Eventually, he found someone who saw the potential in his ideas and gave him a chance by loaning him the money he needed to start his business. Once my dad was given the funding to prove himself, he eventually became the CEO of his small start-up tech company.

Through his example, he taught me never to doubt myself and my own abilities. Curiosity is what drives innovation. Innovation is earned through hard work and determination. I used these life lessons to help me achieve my goals and many more to come.

Daughter’s Euogy to Dad

“Thank you all for coming here today, for my dad. Today, I am deeply honored to be able to share my dad’s stories, and that shows why he was arguably one of the nicest guys you or anyone would ever know. 

My dad was like no other. He was my father, but also a friend I could be open and honest with during times of uncertainty. As a licensed therapist, he knew how to listen and always had the right things to say to help me out of my downward spiral of negative self-doubt.

Since the day he was born, he always had a big heart and desire to be there for others. He told me about the moment he knew his purpose was to be there for people. It was when he was in first grade, when one of his classmates fell and scraped his knee and was in pain.

While he cried and the other kids watched, my dad came up to him and hugged him and wouldn't let go until the teacher arrived. This kind of loving behavior earned him recognition from teachers and his fellow classmates, but he didn't do it for recognition. He did it simply out of love.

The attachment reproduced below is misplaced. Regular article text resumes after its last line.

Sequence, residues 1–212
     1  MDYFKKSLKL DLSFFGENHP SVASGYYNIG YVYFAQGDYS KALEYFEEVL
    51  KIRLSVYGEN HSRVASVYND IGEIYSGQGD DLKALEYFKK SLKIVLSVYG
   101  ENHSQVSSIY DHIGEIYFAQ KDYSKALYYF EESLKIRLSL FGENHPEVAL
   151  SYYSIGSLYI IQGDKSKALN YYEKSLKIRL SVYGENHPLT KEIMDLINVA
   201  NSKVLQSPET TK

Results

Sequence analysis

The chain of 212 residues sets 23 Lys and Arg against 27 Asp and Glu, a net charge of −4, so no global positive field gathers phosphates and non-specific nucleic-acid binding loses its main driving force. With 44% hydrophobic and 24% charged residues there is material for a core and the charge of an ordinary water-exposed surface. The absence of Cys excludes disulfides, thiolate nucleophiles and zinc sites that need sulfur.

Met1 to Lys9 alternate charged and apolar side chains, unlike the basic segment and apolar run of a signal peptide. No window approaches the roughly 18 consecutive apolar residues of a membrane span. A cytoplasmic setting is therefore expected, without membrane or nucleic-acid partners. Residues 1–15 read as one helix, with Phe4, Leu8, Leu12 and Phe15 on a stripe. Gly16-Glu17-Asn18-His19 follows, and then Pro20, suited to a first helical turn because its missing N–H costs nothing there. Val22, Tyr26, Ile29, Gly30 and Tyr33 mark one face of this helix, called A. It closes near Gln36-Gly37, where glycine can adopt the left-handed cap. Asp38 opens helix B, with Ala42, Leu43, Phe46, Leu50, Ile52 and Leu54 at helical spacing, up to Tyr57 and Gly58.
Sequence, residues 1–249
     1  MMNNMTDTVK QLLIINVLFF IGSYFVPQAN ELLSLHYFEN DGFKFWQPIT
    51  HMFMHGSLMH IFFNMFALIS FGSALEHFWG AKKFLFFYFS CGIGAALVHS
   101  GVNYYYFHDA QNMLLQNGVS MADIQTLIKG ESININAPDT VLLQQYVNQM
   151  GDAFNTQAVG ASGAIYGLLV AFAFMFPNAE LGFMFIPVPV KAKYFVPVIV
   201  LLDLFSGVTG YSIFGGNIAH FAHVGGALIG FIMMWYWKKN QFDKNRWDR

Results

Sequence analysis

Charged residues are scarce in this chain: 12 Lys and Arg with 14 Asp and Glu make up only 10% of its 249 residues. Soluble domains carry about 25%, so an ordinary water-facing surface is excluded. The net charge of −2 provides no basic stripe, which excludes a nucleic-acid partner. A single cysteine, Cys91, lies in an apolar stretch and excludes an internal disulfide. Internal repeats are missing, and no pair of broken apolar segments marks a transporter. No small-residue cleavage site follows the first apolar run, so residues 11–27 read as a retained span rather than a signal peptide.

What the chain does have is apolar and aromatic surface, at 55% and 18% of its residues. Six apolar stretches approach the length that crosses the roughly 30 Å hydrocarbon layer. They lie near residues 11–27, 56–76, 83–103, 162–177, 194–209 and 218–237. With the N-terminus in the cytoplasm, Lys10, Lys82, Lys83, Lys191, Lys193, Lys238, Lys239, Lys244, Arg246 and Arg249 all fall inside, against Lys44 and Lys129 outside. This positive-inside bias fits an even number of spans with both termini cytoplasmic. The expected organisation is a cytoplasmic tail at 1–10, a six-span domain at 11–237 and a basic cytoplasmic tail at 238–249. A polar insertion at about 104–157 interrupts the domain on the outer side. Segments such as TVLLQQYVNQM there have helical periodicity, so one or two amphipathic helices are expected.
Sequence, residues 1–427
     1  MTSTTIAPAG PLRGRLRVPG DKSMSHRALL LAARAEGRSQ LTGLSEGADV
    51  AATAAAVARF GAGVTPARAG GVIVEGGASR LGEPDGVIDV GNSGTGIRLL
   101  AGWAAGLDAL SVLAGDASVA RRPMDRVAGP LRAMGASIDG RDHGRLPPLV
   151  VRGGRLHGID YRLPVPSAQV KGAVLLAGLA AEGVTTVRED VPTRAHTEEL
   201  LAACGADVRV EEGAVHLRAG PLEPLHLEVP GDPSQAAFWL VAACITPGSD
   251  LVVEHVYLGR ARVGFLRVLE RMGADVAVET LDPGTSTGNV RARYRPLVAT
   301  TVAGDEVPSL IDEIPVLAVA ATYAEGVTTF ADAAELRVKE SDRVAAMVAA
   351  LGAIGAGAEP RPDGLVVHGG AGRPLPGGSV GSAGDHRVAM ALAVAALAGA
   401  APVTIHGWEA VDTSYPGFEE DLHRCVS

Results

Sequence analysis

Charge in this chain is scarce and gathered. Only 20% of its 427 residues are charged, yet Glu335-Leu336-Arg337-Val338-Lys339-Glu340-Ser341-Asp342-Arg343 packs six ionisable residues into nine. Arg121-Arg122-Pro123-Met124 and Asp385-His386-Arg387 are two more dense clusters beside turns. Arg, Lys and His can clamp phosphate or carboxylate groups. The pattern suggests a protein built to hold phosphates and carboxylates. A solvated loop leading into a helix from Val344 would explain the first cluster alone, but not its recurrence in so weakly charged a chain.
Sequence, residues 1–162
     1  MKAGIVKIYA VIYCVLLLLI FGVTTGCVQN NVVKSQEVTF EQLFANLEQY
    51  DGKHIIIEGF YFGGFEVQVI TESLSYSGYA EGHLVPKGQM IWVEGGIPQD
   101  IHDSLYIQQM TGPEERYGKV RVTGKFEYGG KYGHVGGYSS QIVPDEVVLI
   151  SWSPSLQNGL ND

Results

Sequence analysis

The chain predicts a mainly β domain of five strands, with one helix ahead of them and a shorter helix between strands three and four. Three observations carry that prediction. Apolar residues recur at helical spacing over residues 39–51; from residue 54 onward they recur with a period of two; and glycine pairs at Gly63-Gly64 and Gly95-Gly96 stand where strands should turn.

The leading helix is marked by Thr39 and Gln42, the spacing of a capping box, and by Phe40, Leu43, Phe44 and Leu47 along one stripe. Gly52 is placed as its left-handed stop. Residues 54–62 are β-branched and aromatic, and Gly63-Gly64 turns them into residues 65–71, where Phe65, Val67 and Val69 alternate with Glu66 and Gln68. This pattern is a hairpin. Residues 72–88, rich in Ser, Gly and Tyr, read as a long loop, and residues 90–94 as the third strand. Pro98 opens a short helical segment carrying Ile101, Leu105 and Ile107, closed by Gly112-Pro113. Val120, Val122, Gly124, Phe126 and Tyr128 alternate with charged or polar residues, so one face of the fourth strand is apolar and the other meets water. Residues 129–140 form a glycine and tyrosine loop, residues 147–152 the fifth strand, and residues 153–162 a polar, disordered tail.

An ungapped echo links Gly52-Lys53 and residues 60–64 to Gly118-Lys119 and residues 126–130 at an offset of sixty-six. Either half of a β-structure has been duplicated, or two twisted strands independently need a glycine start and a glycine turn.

His compassionate heart is what led him throughout his journey in life. He met my mother on a mission trip in Africa, married her, and had me and my younger brother.

Ever since I was little, my dad constantly told me how valuable I am and what good I can do for a world that needs healing.

Even during times when I would make bad decisions, he never would ever hold a grudge. He would welcome me into his arms and say, ‘I forgive you.’

My dad has since been what's anchored me in my religious beliefs. He may be gone now, but he will forever be in my heart until the day I meet him and his loving embrace again.”

Frequently Asked Questions (FAQs):

What is the best opening line for a eulogy?

There are many different ways to open a eulogy. A common way to start is to state your name, how you are related to the person, and how they were important to you. If you want to be more creative, start with a story or quote to set the tone and theme of the eulogy.

If you’re struggling to find a good opening line, here’s a generic opener: "We gather here today to celebrate a life well-lived, that of [Name], who touched us all with his/her love and kindness."

What should you avoid saying in a eulogy?

Eulogies should be positive and about the person who passed. Things you should never bring up are grudges, past arguments, their flaws, or any kind of negative memories towards them. Focus on the positive and make it about a celebration of their life.

What makes a beautiful eulogy?

A powerful eulogy captures the essence of the person who’s passed and is done so with emotion. Active storytelling can help your audience picture exactly how they were as a person and give the sense that their spirit is with them in the room.

How do you deliver a powerful eulogy?

Delivering a powerful eulogy simply requires time, patience and dedication. Devote time to collecting unique details about the deceased while writing with clear intent and emotion. Making edits and active rehearsing are also crucial in delivering a powerful eulogy.

Estate Planning

12 Steps for Writing a Eulogy for Dad

Joel Lim

November 2, 2023

|

steps for writing a eulogy for dad

The intelligent digital vault for families